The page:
Green Wave runner takes top honors at Race for The Ark

A Green Wave Cross Country runner won the 2018 Thrivent Financial Race for The Ark 5K race.

Summerville High School sophomore Daren (Jazz) Lagasca crossed the finish line for the downtown Summerville race Aug. 25 with a 17:13 time to take top honors in the overall male and male age 15-19 divisions. Green Wave team mate Noah Woodbury finished 10 seconds behind to claim runner-up honors and the Wave’s Reilly Gobin finished in 18:14 to place third overall.

Lagasca, an all-region runner returning to this year’s Green Wave squad, had a strong start so he knew Woodbury was the only runner who might catch him coming down the home stretch of the race.

“I ran the course 20 seconds faster this year,” Lagasca said. “Once I left President’s Circle I thought I had it in the bag. Noah was about 10 seconds behind me there so I felt good.”

Hannah Moldenhauer of Charleston was the top female, crossing in 19:55 to win the overall female and female age 25-29 divisions. Green Wave runner Lizzie Naval claimed runner-up honors for the females with a 20:39 time while teammate Caroline Raglin placed third with a 21:01 finish. Naval’s time earned her first place in the female 15-19 division.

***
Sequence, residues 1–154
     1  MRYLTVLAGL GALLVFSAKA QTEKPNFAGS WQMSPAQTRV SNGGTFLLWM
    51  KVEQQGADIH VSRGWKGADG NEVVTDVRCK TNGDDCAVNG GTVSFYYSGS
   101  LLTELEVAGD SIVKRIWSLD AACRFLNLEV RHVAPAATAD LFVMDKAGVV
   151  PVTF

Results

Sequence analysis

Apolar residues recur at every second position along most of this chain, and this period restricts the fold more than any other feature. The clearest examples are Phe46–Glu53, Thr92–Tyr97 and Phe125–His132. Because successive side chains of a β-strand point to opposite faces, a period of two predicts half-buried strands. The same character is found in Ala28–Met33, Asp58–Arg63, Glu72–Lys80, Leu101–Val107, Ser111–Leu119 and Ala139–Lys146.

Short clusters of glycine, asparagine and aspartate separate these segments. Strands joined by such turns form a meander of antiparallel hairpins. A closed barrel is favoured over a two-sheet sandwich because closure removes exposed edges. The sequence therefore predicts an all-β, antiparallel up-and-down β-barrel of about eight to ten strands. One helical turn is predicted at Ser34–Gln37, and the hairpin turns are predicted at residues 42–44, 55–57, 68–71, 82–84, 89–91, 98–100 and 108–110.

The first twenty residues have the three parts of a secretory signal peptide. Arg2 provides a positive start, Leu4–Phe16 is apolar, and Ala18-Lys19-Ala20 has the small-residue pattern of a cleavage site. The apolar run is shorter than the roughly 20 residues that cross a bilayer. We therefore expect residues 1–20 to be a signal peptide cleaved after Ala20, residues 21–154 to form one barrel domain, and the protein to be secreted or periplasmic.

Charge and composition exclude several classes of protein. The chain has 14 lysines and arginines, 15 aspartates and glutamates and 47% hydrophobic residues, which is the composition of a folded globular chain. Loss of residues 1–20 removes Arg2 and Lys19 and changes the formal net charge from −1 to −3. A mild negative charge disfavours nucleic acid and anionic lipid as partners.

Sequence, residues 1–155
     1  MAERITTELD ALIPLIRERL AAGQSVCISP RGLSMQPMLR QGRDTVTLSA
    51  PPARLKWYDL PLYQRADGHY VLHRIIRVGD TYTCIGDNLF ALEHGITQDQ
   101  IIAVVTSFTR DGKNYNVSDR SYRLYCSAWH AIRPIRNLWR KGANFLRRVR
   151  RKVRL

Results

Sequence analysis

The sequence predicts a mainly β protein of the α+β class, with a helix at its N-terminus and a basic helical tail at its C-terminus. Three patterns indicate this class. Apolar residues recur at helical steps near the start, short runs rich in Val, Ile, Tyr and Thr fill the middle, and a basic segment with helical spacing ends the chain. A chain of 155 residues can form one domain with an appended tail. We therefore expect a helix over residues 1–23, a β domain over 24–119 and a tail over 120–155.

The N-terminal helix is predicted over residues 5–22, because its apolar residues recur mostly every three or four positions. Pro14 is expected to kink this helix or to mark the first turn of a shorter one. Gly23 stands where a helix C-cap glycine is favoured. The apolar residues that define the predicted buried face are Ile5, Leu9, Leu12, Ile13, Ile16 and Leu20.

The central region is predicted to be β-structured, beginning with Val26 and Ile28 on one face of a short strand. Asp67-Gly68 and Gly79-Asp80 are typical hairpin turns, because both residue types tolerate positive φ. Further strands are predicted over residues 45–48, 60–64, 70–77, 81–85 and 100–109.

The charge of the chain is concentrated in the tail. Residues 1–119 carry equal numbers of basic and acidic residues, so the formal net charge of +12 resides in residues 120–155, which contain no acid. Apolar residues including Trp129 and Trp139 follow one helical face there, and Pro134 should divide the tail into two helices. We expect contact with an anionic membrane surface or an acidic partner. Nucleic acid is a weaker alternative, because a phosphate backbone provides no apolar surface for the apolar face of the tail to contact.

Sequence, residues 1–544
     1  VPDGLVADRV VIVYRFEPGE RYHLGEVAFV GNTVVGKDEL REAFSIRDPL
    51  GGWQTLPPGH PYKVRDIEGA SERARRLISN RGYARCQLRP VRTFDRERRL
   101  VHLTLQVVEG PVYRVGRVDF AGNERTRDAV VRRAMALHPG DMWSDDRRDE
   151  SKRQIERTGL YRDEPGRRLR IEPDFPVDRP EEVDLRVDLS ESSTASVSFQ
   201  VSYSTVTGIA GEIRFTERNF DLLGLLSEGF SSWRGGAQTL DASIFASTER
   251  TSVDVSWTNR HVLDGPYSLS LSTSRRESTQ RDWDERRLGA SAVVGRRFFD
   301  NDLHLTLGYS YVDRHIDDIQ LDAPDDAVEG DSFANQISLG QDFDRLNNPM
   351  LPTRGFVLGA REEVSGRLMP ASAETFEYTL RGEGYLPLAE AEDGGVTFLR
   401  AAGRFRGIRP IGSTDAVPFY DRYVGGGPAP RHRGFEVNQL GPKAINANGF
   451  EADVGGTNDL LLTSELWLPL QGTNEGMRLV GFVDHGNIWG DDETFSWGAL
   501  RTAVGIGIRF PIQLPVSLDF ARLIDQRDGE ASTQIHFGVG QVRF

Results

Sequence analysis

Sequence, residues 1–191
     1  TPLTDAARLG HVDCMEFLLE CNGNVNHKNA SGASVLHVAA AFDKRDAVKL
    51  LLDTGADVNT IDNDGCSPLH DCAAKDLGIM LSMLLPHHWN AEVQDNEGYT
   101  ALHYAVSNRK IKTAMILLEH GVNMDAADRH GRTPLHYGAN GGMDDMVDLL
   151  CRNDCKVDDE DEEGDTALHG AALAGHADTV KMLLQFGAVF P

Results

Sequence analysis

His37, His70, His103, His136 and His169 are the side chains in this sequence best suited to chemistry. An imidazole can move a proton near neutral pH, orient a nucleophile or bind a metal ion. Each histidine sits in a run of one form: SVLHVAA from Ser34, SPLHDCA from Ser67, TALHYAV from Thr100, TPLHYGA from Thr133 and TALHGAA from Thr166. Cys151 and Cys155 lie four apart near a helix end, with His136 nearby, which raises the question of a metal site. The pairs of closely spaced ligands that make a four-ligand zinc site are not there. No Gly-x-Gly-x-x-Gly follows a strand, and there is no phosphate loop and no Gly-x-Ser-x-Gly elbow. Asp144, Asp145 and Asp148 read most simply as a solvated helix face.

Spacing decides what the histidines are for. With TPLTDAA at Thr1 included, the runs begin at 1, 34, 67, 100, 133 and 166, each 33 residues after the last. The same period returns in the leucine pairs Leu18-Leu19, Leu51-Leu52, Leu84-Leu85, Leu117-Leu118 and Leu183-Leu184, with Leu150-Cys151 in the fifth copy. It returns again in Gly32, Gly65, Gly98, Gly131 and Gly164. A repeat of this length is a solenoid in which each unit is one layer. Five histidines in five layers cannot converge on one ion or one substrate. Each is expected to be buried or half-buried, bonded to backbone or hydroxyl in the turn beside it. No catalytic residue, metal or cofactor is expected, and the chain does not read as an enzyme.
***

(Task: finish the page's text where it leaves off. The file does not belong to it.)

More than 440 people participated in this year’s 5K. Full results can be found at timinginc.com.

This is the 19th year for the race, which benefits The ARK in its work providing comprehensive support services to families living with Alzheimer’s or related dementia.

“Each year this event grows bigger and bigger and we are so grateful to the community from the Lowcountry and beyond who join us to help the individuals and families dealing with Alzheimer’s and other related dementia,” Peg Lahmeyer, executive director of The ARK, said. “This event funds our programs in five area counties, including memory screenings, resource fairs, educational workshops, support groups and respite centers.”

In South Carolina, 86,000 people are living with Alzheimer’s and that number is estimated to rise to 120,000 by the year 2025. The state has the eighth highest Alzheimer’s death rate in America and has seen a 122 percent increase in deaths since 2000.

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